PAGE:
Developmental trauma occurs when children experience chronic stress, abuse, or neglect during critical stages of their development, which can impact their physical, cognitive, and emotional development. Black and white thinking is a common cognitive distortion that can occur in people who have experienced developmental trauma. Here are some examples of how it can manifest:
1. Dichotomous views of relationships: Children who experience developmental trauma may struggle with forming healthy relationships. They may see people as either completely good or completely bad, without considering the complexity of human behavior. This can lead to difficulties with boundaries and trust in relationships.
2. Extreme views of self-worth: Children who experience developmental trauma may struggle with feelings of shame and low self-esteem. This can lead to all-or-nothing thinking, where they see themselves as either completely worthless or entirely perfect, without recognizing their strengths and weaknesses.
3. Black and white thinking about safety: Children who experience developmental trauma may struggle with feeling safe in the world. They may see the world as either entirely dangerous or entirely safe, without recognizing the nuances of risk and safety.
4. Dichotomous views of emotional regulation: Children who experience developmental trauma may struggle with regulating their emotions. They may see their emotions as either entirely overwhelming or completely shut down, without recognizing the range of emotions that can exist within a situation.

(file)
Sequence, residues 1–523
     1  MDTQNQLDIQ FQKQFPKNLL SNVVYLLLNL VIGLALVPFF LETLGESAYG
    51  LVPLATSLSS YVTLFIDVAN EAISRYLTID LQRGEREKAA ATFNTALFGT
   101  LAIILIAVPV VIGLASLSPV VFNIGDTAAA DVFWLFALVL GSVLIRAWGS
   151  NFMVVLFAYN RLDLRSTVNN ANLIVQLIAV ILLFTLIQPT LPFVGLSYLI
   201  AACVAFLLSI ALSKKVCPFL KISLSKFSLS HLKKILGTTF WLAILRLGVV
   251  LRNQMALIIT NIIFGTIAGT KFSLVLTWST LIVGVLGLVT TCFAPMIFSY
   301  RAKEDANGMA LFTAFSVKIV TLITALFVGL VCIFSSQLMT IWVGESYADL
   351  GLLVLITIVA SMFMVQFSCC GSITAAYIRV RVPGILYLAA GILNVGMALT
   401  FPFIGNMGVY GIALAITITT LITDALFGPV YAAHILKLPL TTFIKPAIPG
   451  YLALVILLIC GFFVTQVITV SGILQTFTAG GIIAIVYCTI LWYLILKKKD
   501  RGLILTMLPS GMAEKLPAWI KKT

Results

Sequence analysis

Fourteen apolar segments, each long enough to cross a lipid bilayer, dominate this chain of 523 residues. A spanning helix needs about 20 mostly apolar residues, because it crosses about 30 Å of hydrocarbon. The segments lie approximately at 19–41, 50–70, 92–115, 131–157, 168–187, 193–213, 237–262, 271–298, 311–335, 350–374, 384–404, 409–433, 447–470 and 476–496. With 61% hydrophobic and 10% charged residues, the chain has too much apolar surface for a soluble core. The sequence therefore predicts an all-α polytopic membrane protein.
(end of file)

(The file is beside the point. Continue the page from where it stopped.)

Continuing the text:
5. Extreme views of responsibility: Children who experience developmental trauma may struggle with feeling responsible for things that are not their fault. This can lead to all-or-nothing thinking, where they see themselves as either entirely responsible or entirely blameless, without recognizing the complexity of the situation.
It's essential to recognize these patterns of black and white thinking in people who have experienced developmental trauma and work with a mental health professional to develop more balanced and nuanced perspectives. This can involve strategies such as cognitive-behavioral therapy, trauma-focused therapy, and mindfulness practices that can help individuals reframe their thoughts and develop more adaptive coping strategies. With the right support and resources, individuals who have experienced developmental trauma can heal and thrive.
If you've been trying to get through developmental trauma and would like additional support contact me at InfuseYourFuture@aol.com and we'll set up a complimentary session to see if we're a good fit to work together.
"Complex-PTSD: From Surviving to Thriving" by Pete Walker is a great resource for healing from developmental trauma.